Food for Fiction

October 9, 2011

In the quick blur of reading book after book, I remember the food.

In one of Elmore Leonard’s books, the protagonist sits at the counter of the diner eating green Jello—my memory of that book.

In Charles Dickens’ GREAT EXPECTATIONS, the pork pie Pip stole for the escaped convict holds steady in my mind.

In Henry Fielding’s TOM JONES, that sexiest of all chicken dinners lives everlastingly.

In my novel FACES OF LOVE, the estranged wife visits her husband, finding him in the kitchen frying liver for his dinner. Who can forget liver, that most controversial of foods? Love it or hate it. It’s cheap to buy, messy to fry, one of the few organ foods Americans eat, and is altogether so distinctive in flavor that it carries a  one-of-a kind controversial bearing.  When I come upon it in my novel, I say, “Aha! Liver.” 

I wrote about Russian piroshkis in my novel THE PROVIDER (soon to be published) These are doughy cylinders stuffed with aromatic meat, potatoes, and onions. Need I say another word?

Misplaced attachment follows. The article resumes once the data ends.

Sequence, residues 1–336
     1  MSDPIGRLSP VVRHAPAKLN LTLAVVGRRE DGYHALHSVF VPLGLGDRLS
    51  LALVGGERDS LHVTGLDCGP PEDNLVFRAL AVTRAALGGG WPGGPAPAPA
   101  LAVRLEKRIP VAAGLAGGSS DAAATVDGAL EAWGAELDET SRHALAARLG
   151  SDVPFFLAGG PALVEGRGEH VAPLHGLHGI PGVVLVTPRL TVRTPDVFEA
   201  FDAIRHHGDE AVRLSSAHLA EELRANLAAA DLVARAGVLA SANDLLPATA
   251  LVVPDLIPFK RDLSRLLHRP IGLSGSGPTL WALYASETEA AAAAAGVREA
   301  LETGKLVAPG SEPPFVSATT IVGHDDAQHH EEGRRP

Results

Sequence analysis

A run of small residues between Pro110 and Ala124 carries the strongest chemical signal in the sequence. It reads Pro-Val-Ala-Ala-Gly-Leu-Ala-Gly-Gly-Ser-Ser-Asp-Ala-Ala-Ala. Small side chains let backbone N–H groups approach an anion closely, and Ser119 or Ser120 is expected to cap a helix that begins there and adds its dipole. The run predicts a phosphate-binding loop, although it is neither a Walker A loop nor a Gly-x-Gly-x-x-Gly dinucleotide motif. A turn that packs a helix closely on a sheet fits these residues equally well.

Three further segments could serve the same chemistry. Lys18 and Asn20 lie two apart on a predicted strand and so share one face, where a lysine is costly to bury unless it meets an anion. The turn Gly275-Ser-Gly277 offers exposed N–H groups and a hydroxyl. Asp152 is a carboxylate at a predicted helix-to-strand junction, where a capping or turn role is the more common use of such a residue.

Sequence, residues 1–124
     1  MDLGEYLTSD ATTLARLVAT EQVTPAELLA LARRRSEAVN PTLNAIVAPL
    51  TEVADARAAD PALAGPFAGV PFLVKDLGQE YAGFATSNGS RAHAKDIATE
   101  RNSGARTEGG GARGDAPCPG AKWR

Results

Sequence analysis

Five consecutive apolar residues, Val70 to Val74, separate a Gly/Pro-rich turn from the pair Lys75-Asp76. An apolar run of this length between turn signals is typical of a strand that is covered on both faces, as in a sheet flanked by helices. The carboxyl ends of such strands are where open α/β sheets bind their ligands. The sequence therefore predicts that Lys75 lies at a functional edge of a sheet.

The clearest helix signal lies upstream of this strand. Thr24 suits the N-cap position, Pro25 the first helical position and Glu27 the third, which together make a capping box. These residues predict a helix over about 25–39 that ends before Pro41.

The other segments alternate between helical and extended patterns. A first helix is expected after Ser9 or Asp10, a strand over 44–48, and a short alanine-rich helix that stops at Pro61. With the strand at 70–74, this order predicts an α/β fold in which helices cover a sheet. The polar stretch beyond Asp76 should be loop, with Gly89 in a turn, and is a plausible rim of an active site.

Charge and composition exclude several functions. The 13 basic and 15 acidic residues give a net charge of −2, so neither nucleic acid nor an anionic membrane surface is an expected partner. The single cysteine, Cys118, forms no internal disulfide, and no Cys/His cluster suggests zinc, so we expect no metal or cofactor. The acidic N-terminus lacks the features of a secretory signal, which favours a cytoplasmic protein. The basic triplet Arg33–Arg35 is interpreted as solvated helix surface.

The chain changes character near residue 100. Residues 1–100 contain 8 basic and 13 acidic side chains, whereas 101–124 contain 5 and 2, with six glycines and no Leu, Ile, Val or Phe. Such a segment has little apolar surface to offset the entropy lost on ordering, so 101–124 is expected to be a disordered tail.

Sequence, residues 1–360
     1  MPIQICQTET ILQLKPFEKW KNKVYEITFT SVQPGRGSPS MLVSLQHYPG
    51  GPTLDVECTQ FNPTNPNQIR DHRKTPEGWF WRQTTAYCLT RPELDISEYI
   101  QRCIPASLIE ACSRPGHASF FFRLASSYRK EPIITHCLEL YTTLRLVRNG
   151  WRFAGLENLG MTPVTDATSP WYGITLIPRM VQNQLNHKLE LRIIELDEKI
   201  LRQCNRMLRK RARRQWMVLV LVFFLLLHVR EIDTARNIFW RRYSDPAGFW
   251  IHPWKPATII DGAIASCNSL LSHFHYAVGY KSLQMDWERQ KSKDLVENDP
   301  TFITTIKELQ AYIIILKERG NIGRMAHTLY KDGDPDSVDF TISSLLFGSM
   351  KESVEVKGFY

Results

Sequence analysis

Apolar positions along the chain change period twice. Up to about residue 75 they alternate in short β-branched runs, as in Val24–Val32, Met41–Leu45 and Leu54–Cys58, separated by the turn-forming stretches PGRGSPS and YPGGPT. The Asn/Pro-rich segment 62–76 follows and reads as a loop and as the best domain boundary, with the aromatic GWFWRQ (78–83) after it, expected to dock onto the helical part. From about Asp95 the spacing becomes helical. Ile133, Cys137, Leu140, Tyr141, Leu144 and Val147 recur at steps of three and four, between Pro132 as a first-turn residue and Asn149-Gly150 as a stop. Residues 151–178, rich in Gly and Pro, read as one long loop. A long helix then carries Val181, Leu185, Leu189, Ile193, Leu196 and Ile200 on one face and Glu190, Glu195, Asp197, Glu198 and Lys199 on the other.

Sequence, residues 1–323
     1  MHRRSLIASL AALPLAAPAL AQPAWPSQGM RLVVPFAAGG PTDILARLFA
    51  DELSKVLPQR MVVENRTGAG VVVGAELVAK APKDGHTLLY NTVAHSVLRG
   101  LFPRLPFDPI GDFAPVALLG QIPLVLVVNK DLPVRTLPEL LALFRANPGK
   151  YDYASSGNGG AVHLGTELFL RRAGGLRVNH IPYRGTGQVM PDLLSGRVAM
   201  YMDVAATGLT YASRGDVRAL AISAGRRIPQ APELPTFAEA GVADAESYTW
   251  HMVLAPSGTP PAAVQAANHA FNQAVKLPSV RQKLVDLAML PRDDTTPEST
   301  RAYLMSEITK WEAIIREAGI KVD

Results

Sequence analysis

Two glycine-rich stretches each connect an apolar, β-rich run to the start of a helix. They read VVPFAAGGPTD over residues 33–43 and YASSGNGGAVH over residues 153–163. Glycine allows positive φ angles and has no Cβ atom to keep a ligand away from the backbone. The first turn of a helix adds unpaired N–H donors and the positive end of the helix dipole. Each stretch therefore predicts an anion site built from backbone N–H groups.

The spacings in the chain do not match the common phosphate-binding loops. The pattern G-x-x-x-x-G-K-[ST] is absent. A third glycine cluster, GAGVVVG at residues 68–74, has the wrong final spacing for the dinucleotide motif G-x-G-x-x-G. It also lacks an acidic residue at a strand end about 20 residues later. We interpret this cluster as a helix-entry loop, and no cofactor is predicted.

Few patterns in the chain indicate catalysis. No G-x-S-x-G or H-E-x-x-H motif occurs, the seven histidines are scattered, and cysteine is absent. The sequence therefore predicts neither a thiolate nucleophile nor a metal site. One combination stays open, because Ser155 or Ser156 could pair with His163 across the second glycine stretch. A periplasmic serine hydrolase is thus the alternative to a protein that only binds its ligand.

I have considered writing a novel in which one of the characters eats a large baked potato every morning for breakfast. The baked potato is one of the great common foods, like bread and butter, basic as can be. Its reach goes back into early childhood where mothers added milk and butter and beat the steamy potato into a fluffy pulp. It is the comfort food of love and security. And then, to place it in such an eccentric setting as breakfast ensures its posterity in literature.

But what about the reader who has no memory or curiosity about food?

I remember hearing the story of a child who would not eat. The mother was at her wits’ end. The clueless family doctor finally consulted specialists who discovered that the child had no sense of smell. Food in her mouth was disgusting, all mushy texture.

I just read a new memoir by Molly Birnbaum, SEASON TO TASTE. She describes her descent from being a serious chef in-the-making after losing her sense of smell in a car accident. Her career disappeared overnight. All she had were her memories of food. The book is a terrific read, and surprising in its depth of research as the author  searched for understanding and a way to regain her sense of smell, and therefore, taste.